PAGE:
FA 100

Who is watching the financial advisory industry?

Andrew Osterland, special to CNBC.com

The fiduciary debate is dominating the political agenda in the financial advisory world, but it isn't the only unsettled business in the industry.

An equally important issue is making sure that fiduciary investment advisors—who are required to always act in the best interests of their clients—are actually doing that.

It's almost universally acknowledged that the current regime for examining the approximately 11,500 registered investment advisors in the country is inadequate. The Securities and Exchange Commission—the primary regulator of the industry—examines about 10 percent of those RIA firms annually, and state securities regulators are now responsible for overseeing firms with less than $100 million in assets.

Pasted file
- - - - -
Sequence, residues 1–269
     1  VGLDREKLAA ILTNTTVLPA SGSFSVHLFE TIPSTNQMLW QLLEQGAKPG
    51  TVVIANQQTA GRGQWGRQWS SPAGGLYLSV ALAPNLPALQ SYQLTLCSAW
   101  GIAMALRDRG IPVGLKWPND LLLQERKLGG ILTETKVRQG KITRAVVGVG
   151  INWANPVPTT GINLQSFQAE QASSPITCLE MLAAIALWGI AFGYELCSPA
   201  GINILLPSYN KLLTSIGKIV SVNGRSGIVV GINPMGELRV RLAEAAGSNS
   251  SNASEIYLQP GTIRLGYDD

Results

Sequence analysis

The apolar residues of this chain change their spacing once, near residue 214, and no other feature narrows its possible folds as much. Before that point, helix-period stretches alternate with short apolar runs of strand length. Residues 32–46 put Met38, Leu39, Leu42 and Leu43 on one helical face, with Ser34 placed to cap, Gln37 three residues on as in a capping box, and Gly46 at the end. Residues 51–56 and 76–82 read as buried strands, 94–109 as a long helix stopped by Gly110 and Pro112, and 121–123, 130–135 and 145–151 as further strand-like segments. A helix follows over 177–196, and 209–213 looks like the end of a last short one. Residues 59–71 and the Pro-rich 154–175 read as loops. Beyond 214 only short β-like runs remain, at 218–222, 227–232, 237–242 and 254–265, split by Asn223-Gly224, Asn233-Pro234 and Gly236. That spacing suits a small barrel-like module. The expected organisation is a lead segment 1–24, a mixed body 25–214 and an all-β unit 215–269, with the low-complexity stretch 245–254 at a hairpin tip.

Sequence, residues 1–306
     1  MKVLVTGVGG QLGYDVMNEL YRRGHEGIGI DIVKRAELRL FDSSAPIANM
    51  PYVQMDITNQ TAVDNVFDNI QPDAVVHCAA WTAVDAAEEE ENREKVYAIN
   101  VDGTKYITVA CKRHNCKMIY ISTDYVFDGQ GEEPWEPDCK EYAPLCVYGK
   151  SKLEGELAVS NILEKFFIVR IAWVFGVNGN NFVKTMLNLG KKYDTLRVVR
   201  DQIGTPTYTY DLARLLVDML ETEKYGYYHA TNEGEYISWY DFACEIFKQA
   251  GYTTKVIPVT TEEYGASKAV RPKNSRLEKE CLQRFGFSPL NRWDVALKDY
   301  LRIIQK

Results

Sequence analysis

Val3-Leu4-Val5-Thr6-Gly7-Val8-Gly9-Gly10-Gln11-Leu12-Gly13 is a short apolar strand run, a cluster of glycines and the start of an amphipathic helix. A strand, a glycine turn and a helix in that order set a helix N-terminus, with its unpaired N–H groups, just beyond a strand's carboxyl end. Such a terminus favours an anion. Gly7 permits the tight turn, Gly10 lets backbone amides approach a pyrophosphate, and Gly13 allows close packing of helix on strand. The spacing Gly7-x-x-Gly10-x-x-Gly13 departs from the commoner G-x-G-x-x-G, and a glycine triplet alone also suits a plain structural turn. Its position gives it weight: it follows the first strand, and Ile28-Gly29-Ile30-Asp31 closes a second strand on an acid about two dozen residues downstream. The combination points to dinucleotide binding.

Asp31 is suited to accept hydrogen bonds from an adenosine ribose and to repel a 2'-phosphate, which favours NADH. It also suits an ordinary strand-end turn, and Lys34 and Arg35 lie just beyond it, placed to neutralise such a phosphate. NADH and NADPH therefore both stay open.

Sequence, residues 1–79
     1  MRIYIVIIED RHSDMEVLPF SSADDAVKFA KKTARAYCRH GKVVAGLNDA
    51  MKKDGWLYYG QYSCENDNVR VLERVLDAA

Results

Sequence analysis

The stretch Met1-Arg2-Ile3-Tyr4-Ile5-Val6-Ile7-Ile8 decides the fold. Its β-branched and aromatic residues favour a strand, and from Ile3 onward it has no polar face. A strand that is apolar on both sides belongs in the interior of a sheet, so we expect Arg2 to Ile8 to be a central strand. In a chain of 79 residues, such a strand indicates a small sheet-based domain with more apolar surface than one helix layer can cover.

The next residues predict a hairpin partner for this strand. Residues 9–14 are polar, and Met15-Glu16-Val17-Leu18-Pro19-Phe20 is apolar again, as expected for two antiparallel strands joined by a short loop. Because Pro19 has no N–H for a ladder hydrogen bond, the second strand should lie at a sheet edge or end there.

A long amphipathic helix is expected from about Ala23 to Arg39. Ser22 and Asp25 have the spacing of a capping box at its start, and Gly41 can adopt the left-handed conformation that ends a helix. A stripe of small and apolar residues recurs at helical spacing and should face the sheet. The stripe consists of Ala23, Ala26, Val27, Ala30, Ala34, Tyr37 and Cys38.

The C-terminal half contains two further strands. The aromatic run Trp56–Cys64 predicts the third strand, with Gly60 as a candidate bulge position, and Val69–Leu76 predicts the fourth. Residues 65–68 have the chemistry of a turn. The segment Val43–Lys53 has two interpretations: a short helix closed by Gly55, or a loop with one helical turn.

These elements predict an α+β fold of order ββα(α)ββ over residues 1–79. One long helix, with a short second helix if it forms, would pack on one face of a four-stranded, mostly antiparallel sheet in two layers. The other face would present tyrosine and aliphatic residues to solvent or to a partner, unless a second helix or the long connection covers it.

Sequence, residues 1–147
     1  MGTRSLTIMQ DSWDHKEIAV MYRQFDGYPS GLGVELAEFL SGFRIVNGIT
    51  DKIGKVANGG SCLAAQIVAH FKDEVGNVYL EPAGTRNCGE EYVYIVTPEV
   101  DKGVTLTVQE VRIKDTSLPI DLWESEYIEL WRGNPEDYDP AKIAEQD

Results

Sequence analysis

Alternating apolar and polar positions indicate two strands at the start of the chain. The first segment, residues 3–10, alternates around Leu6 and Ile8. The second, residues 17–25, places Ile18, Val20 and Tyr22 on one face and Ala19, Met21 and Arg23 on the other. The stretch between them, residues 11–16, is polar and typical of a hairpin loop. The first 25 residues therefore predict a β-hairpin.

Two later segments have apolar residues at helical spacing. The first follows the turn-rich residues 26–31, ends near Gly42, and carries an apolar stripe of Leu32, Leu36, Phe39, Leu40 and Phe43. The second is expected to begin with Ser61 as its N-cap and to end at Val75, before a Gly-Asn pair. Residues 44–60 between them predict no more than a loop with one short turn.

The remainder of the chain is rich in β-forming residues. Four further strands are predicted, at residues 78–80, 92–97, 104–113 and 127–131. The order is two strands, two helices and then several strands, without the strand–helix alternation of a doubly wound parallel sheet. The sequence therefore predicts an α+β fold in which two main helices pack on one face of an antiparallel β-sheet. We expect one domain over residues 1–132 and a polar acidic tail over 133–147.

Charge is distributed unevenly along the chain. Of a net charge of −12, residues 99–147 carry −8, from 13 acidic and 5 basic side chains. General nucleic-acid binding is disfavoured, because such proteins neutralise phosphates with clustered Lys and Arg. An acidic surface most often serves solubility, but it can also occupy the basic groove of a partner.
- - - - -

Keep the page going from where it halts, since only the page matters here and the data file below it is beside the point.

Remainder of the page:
There is still, however, a major gap in oversight. The average firm is examined once every 10 years, and about 40 percent of firms nationwide have never been examined, according to various industry data.

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"The SEC exams tend to be thorough and effective; they're just not done often enough," said Blaine Aikin, CEO of fiduciary consultant fi360.

In a speech earlier this year, SEC Chairman Mary Jo White linked the two issues of RIA examinations and a uniform fiduciary standard, suggesting that a solution for the former should accompany any new rule-making on the latter.

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The lack of oversight of investment advisors is a major problem for the industry and the investors it serves, suggested Barbara Roper, director of investor protection at the Consumer Federation of America.

"If you create a regulatory environment without enough ongoing oversight, you invite bad actors into the space," said Roper, who supports a uniform fiduciary standard for all financial advisors as well as increased funding for SEC examinations of investment advisors. "It's not hard to become an RIA."

Indeed, Bernie Madoff, who executed what's thought to be the biggest Ponzi scheme in U.S. history, became an RIA near the end of his career.